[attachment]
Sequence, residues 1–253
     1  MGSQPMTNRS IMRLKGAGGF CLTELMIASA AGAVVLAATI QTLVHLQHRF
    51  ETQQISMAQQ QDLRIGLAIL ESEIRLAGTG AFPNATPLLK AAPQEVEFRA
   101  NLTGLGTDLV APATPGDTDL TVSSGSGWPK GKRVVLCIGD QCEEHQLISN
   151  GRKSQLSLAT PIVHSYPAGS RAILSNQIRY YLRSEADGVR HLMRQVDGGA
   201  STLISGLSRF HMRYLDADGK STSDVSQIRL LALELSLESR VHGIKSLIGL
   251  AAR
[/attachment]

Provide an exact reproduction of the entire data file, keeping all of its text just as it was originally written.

Sequence, residues 1–253
     1  MGSQPMTNRS IMRLKGAGGF CLTELMIASA AGAVVLAATI QTLVHLQHRF
    51  ETQQISMAQQ QDLRIGLAIL ESEIRLAGTG AFPNATPLLK AAPQEVEFRA
   101  NLTGLGTDLV APATPGDTDL TVSSGSGWPK GKRVVLCIGD QCEEHQLISN
   151  GRKSQLSLAT PIVHSYPAGS RAILSNQIRY YLRSEADGVR HLMRQVDGGA
   201  STLISGLSRF HMRYLDADGK STSDVSQIRL LALELSLESR VHGIKSLIGL
   251  AAR